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5 Ways to Keep Customers While Going Through Litigation

Even for small and medium businesses (SMBs), the chances of a suit are more likely than you’d think: according to Forbes, 90% of businesses are engaged in a lawsuit at some point. Yes, do take proactive steps to separate business from personal assets, create a formal business structure (i.e. LLC, S Corp, C Corp) to beef up limited liability protection, and purchase business insurance that will cover legal fees. But, the truth is, there is no bulletproof strategy to getting around a suit. Should you find your business in one, how do you keep it afloat? With your reputation, sales figures and brand image up in the air, how do you encourage customers to keep coming back? Here are 5 ways to make the most of your lawsuit and help prevent customers from walking away. (Plus learn why a Wyoming Secretary of State business search is a good idea.)

1. How Much is Your Business’ Reputation at Risk?

Are you in a minor scuffle with a former disgruntled employee? Or is it a product safety-related class action lawsuit? First and foremost, discuss with your attorneys, PR, business partners, and board members what’s at stake. Not every lawsuit needs a press statement from the CEO. In fact, sometimes any press at all can continue to add to the negative buzz. Take Apple’s class action lawsuit regarding handbag searches, for instance (which Apple won). Given Apple’s behemoth status and the little impact the suit would have on its sales, CEO, Tim Cook, never released a statement—because he didn’t need to. Long story short, ask yourself: do you need to release a PR statement? Will your customers benefit from that?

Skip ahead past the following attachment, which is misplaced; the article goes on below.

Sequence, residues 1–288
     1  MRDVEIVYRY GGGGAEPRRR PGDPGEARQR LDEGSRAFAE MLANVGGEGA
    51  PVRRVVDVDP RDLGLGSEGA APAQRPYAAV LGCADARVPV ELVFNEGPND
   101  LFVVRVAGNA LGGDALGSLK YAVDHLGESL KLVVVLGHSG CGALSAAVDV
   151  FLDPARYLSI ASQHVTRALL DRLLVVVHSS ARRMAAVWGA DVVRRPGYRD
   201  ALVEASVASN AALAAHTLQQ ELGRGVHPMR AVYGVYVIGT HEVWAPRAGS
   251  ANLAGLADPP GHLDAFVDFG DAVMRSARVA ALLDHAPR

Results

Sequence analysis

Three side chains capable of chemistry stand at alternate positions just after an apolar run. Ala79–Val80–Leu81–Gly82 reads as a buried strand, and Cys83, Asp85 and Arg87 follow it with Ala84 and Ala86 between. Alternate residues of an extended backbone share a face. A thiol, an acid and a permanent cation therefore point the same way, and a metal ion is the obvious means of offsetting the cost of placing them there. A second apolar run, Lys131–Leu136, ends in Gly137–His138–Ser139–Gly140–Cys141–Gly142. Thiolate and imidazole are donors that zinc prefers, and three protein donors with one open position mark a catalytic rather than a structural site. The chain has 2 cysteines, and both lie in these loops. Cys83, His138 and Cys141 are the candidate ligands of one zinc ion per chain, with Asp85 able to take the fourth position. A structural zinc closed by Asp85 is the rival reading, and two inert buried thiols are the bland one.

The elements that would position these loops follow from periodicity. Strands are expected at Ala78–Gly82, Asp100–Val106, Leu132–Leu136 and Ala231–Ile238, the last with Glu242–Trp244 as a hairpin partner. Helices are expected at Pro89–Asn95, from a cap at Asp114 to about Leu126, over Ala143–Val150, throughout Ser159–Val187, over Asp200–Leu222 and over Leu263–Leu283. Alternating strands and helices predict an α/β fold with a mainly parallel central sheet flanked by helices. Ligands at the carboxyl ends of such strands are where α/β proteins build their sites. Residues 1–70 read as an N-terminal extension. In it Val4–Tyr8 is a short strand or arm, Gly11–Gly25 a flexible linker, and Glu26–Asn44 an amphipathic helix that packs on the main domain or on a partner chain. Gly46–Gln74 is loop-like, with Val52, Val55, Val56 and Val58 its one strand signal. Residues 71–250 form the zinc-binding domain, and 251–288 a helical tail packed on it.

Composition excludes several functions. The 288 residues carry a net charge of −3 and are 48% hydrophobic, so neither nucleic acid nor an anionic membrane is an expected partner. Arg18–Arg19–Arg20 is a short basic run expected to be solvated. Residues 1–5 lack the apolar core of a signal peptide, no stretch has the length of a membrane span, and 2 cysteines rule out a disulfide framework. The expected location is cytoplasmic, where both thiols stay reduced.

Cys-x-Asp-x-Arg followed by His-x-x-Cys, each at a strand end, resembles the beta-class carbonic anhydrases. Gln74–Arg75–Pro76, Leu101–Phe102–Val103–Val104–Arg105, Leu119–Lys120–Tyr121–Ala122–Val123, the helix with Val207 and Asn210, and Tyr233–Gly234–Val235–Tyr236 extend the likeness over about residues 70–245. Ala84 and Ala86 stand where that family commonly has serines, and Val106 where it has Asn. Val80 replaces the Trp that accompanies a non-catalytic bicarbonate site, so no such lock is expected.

2. Prevent PR Statements from Contributing to the Negative Buzz

As we mentioned, not every suit needs a press statement. However, innocent until proven guilty does not always hold up when it comes to PR. Not saying anything could be the nail in the coffin that insinuates guilt with a capital G. If you have weighed your business’ reputational risks and, after much discussion, decide it is necessary to release a statement, do so with tact: focus on values that are critical to the company. Use this PR moment as an opportunity to apologize to customers—reaffirm your mission statement.

3. Perhaps It’s time for a Rebrand?

Use this situation as an opportunity to change your brand’s image and remind your customers where your company stands. Firstly, listen to what customers have to say about your company: sift through reviews (as hard as it may be) and browse social media. Also, go over buyer personas, and discuss with an experienced brand consultant ways to reform your business’s image to attract your target audience. Not to mention, conduct new target audience research and consider a rebranding campaign. Know that several companies have gone through rebranding and come out more successful than before: Pabst Blue Ribbon, for example, expanded its audience to include the biggest beer market in the world, China. Harley-Davidson, meanwhile, made its product more reliable to better fit its image.